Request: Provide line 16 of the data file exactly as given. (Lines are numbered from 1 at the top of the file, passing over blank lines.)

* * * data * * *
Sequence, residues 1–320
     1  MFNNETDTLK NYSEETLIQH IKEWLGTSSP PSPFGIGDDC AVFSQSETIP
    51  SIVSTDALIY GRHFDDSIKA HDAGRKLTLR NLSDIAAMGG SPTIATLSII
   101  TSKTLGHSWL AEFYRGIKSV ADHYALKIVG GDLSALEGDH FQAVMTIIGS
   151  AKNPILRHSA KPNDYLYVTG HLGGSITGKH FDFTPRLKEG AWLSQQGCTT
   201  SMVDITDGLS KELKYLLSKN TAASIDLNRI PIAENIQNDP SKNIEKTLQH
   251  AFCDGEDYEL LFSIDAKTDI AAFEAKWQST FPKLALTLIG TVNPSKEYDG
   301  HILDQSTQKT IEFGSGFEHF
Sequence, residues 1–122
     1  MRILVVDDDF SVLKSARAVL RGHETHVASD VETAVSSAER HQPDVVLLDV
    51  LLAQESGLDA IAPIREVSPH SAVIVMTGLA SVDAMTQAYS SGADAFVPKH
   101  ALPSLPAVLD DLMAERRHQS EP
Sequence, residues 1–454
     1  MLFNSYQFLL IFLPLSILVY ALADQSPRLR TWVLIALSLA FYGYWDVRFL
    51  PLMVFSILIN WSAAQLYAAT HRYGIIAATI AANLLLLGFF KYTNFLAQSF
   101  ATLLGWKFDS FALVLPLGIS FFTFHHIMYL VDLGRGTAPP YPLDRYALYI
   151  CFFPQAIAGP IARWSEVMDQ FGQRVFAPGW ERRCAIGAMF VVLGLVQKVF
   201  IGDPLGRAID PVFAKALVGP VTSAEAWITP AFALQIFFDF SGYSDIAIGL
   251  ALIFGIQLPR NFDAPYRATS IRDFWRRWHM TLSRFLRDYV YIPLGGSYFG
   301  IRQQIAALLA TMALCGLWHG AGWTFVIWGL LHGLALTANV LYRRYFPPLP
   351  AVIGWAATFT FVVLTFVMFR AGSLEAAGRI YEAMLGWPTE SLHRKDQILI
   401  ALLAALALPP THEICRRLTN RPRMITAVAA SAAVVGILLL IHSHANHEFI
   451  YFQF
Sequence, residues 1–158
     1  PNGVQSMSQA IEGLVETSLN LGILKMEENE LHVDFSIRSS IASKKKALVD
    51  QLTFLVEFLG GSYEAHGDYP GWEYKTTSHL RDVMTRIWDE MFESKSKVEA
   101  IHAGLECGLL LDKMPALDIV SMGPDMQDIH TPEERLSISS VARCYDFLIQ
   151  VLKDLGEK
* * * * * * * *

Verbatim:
   101  ATLLGWKFDS FALVLPLGIS FFTFHHIMYL VDLGRGTAPP YPLDRYALYI